Page Type Page Type: Mountain/Rock
Location Lat/Lon: 37.83560°N / 119.3836°W
Additional Information Elevation: 11065 ft / 3373 m
Sign the Climber's Log


Cockscomb is an aptly named peak, particularly when viewed from the northwest, located in the Yosemite Wilderness near Tuolumne Meadows. It is often overlooked due to its proximity to Cathedral Peak, Matthes Crest, and Echo Peaks, but is an excellent climb in its own right. All of its routes are difficult, the easiest is class 4. There are two summits (west & east) separated by about 10 feet and a sharp notch between them. The west summit is a small perch that barely hold two persons, while the east summit is a knife-edge that makes for a pretty dicey perch. It is difficult to surmise which is actually higher as they are within a few inches of each other. The west summit seems to be climbed most often while the east summit is a more difficult challenge. Climb them both if you're concerned about reaching the true summit. There are grand views to be had of the surrounding peaks in this region from the top.

Getting There

The easiest approach is via the Cathedral Lakes trail in Tuolumne Meadows. From either the east or west, take Highway 120 into Yosemite NP and drive to Tuolumne Meadows. The Cathedral Lakes Trailhead is located on the west end of the meadow, about a mile west of the visitor center. It is a very busy trailhead and there are usually a dozen or more cars parked there at any given time during the summer.

A second approach can be made from the Elizabeth Lake Trailhead that begins in the Tuolumne Meadows Campground. There is no parking at the trailhead which is located on the south side of the campground. You can park at the Tuolumne Store and head directly south through the campground. Check a map for the exact location to make sure you don't head off on the JMT in the wrong direction.

Red Tape

Permits are not required for day hikes, but Wilderness permits are required for overnight visits. These can be obtained from any ranger station in the park. The nearest location is the permit building just east of the Tuolmne Meadows campground. It is just off the road that leads to the Tuolumne Lodge, on the right hand side.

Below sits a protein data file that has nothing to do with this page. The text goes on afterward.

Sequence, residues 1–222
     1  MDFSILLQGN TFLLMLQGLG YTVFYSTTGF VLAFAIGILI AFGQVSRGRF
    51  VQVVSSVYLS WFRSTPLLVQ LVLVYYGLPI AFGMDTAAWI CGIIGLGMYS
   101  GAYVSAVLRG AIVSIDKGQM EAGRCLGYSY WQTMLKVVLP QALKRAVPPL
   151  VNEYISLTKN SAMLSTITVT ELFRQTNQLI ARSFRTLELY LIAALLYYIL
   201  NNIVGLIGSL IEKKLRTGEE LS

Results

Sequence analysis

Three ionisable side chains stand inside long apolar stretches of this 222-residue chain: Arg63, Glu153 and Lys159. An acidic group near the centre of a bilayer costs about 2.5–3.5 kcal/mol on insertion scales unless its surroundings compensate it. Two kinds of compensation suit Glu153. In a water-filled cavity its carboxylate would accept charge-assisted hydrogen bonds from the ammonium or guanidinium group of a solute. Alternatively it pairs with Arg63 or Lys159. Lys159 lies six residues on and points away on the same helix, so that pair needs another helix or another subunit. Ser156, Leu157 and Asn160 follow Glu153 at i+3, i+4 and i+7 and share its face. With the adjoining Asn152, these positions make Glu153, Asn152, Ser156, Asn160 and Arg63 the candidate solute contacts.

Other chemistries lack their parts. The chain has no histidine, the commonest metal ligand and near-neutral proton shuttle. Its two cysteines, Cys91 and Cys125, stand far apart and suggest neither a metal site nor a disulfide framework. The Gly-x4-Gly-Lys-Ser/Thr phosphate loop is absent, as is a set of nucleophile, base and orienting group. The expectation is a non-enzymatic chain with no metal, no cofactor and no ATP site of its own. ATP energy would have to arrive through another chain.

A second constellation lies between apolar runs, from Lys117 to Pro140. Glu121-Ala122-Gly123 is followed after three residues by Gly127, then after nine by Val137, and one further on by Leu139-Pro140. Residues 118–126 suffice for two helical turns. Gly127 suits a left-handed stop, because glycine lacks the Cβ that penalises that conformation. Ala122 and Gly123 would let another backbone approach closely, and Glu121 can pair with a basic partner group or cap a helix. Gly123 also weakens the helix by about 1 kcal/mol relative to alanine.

Because of the camping restrictions around Bud and Elizabeth Lakes, it is almost always climbed as a day hike.

When To Climb

Climbing is generally done May-Oct. Before and after this time Highway 120 is closed. There can be much snow on the ground in May and June, so check ahead and plan accordingly if you intend to climb at this time. Late in October the highway is often open but closed to overnight parking - dayhikes to Cockscomb can still be done easily. Even in early season when there is much snow on the ground, Cockscomb can be approached on snowshoes without too much difficulty via Bud Creek.


Camping is not allowed in the Budd Creek or Unicorn Creek drainages on Cockscomb's north side. You can camp comfortably at the saddle west of the summit if you carry water with you. You can also camp in any of the canyons south of Cockscomb, but you may not find water later in the season until you reach Echo or Matthes Lakes. Bears prowl these areas, so guard your food carefully.

Mountain Conditions

NPS Page


"Francois E. Matthes, USGS, named this peak in 1919. 'The writer does not claim to be a connoisseur in poultry; nevertheless, he believes that the likeness to a lobate cockscomb is fairly close.' (SCB 11, no. 1, Jan 1920: 26.) Called 'Cockscomb Crest' and 'Cockscomb Peak' before being given the present name."
- Peter Browning, Place Names of the Sierra Nevada

External Links

Additions and CorrectionsPost an Addition or Correction

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dkangas - Jul 15, 2012 11:07 pm - Hasn't voted

Route to West Face from Echo Peaks

If going to Cockscomb from the Echo Peaks, the easiest way is to climb Echo Ridge Peak to its summit. From there find a notch no more than 30 feet off the summit (going east toward Cockscomb). This requires a 10 foot easy downclimb to gain the sandy slopes below. Then traverse east the Cockscomb's west face.

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Children refers to the set of objects that logically fall under a given object. For example, the Aconcagua mountain page is a child of the 'Aconcagua Group' and the 'Seven Summits.' The Aconcagua mountain itself has many routes, photos, and trip reports as children.